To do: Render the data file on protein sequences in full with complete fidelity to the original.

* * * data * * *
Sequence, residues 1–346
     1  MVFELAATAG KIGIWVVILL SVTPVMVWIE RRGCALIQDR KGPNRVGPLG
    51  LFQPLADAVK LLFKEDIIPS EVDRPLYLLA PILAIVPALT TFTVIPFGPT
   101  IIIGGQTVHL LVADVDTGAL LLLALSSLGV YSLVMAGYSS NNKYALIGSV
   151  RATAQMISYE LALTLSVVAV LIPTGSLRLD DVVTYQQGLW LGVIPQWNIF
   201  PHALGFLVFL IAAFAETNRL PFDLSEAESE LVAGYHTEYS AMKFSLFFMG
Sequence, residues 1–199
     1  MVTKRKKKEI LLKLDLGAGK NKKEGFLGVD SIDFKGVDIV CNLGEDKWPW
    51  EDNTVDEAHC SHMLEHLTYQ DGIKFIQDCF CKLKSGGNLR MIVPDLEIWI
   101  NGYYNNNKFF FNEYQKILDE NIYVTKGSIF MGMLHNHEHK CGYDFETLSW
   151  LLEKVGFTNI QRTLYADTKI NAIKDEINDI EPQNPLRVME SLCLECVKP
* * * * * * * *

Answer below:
Sequence, residues 1–346
     1  MVFELAATAG KIGIWVVILL SVTPVMVWIE RRGCALIQDR KGPNRVGPLG
    51  LFQPLADAVK LLFKEDIIPS EVDRPLYLLA PILAIVPALT TFTVIPFGPT
   101  IIIGGQTVHL LVADVDTGAL LLLALSSLGV YSLVMAGYSS NNKYALIGSV
   151  RATAQMISYE LALTLSVVAV LIPTGSLRLD DVVTYQQGLW LGVIPQWNIF
   201  PHALGFLVFL IAAFAETNRL PFDLSEAESE LVAGYHTEYS AMKFSLFFMG
Sequence, residues 1–199
     1  MVTKRKKKEI LLKLDLGAGK NKKEGFLGVD SIDFKGVDIV CNLGEDKWPW
    51  EDNTVDEAHC SHMLEHLTYQ DGIKFIQDCF CKLKSGGNLR MIVPDLEIWI
   101  NGYYNNNKFF FNEYQKILDE NIYVTKGSIF MGMLHNHEHK CGYDFETLSW
   151  LLEKVGFTNI QRTLYADTKI NAIKDEINDI EPQNPLRVME SLCLECVKP